Weird: unexpected result after piping a sort

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# 8  
This is as it should be. Try the following
rm mylisting
ls -l | sort > mylisting
vi mylisting

And look at the size of mylisting. This should give a clue of what is going on.
# 9  
Like I said, to me the problem is not to get the list. I am sure I would find other ways, like the one you mention.

The issue is to understand exactly why this is a normal result and expected.

# 10  
What I mean is that if you use ls -l instead of ls and look at whay is inside mylisting you'll notice that the size of the file at the time of the ls -l command is 0.
# 11  
$ rm * ; touch a b c ; bash -c "ls | sort > out" ; cat out
$ rm * ; touch a b c ; bash -c "ls | sort > out" ; cat out
$ rm * ; touch a b c ; bash -c "ls | sort > out" ; cat out

Sometimes I get it. Sometimes I don't. To implement the pipeline, the shell has two processes, one for ls and one for sort. There is no guarantee that the ls process will complete the directory read before the sort process opens its output file. It's a race condition that results in variable results. put the output file in another directory.

If you don't get variable results, try other shells or other platforms with more cpu's available. Or vary the other workload that the system is running while it runs your pipeline.

Anyway, ls sorts its output by itself.
This User Gave Thanks to Perderabo For This Post:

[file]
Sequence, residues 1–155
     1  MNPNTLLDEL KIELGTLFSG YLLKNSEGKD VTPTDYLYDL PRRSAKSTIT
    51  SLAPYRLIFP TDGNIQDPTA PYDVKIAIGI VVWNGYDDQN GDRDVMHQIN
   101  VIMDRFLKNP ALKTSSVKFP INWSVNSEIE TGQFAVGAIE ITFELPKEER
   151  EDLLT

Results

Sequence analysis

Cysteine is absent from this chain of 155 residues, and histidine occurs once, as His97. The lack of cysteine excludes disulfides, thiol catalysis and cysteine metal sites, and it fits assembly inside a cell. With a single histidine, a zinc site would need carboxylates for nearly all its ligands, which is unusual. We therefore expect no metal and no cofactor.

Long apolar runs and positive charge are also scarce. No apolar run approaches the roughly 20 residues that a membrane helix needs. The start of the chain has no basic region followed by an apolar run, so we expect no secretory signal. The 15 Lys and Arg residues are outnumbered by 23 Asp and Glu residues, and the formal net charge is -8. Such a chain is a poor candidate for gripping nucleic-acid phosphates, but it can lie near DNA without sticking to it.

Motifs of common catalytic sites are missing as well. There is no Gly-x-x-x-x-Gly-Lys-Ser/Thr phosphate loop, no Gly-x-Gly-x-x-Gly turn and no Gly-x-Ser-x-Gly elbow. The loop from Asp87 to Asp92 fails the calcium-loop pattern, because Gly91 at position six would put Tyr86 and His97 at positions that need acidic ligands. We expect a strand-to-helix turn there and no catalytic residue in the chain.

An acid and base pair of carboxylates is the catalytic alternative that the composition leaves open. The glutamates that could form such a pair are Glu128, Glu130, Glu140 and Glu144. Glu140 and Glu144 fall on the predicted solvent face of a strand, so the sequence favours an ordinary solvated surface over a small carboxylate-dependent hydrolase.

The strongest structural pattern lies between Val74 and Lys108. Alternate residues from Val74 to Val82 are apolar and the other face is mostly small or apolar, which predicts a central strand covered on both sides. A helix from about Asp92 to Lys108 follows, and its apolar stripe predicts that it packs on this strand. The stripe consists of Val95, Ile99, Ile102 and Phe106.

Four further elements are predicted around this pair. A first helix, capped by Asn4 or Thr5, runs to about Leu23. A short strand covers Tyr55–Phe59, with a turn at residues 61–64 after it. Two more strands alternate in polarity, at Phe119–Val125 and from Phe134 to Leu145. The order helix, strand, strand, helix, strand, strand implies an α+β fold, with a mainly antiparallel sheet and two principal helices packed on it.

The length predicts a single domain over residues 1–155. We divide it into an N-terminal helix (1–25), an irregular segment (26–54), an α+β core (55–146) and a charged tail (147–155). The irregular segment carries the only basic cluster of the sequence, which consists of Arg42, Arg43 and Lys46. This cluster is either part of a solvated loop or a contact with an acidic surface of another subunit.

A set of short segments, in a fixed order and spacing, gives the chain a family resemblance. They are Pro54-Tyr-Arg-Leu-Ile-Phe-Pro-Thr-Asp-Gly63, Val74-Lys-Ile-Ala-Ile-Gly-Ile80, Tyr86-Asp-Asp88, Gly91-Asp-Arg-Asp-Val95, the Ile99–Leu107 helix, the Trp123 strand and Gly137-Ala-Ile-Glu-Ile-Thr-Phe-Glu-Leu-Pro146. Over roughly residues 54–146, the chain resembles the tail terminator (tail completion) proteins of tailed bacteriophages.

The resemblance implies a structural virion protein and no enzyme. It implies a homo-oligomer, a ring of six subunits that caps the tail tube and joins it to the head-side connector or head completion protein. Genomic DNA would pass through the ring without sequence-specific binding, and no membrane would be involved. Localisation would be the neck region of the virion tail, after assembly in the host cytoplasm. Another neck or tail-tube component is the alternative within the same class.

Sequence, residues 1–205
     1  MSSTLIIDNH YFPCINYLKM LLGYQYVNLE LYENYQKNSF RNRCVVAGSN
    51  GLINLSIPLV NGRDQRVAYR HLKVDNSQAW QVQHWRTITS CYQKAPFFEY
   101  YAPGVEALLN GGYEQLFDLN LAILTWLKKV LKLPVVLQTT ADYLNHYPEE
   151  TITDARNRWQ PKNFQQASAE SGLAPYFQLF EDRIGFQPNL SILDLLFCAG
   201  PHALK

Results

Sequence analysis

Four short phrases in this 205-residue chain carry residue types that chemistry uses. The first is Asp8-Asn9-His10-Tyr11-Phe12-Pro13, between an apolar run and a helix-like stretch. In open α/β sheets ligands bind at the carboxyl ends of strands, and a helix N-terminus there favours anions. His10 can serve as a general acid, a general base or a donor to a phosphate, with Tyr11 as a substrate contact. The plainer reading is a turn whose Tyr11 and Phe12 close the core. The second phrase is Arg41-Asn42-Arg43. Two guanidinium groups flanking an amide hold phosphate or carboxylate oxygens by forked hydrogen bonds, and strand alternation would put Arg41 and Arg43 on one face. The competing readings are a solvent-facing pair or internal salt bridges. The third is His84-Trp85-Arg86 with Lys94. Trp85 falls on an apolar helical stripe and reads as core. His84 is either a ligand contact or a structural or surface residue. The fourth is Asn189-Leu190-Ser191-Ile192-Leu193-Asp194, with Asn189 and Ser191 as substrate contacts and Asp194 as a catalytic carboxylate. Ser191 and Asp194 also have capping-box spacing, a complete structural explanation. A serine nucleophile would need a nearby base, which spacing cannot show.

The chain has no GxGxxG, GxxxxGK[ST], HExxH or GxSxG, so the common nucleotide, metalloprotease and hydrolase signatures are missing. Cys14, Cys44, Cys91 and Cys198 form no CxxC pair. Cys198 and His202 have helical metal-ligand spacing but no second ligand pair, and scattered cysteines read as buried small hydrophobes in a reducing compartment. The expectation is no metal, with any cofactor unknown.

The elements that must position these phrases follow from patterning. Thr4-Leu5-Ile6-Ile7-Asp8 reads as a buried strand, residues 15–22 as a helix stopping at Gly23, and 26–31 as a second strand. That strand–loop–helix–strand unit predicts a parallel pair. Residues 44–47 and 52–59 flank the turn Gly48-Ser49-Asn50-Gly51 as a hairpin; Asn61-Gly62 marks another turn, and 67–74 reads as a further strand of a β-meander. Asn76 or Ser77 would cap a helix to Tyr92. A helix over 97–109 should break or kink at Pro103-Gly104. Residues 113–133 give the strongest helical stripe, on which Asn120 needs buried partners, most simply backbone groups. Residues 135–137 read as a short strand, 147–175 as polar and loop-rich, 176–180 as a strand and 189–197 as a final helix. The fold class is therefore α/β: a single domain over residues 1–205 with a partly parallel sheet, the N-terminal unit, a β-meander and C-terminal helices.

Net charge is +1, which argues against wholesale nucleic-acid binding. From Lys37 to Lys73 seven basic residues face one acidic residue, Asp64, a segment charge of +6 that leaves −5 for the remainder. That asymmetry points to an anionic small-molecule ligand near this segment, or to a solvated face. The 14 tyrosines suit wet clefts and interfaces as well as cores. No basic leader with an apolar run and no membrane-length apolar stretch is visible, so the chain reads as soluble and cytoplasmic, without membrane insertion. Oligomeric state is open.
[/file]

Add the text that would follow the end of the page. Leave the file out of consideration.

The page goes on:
# 12  

Zero size of file initialy.
I get the idea I think... However, it's still counterintuitive.
... or not.
I guess the system creates the file first in order to store the list.

---------- Post updated at 03:18 PM ---------- Previous update was at 03:15 PM ----------

@ Perderabo:
I see....
Thanks !
# 13  
if you redirect the output of ls into a file it seems to always add the name of the file you redirected into the output.
You can try this:

 ls|sort | grep -v mylisting > mylisting

I think redirections are always determined before actual command execution takes place; after `ls` is executed mylisting is already present in the output before the pipe to sort.
# 14  
The OP was interested in why this phenomenon occurs, rather than the list itself. As Perderabo pointed out about this particular case, the output of ls without operands is sorted by default, so
ls > mylisting

should provide the right result in this case...

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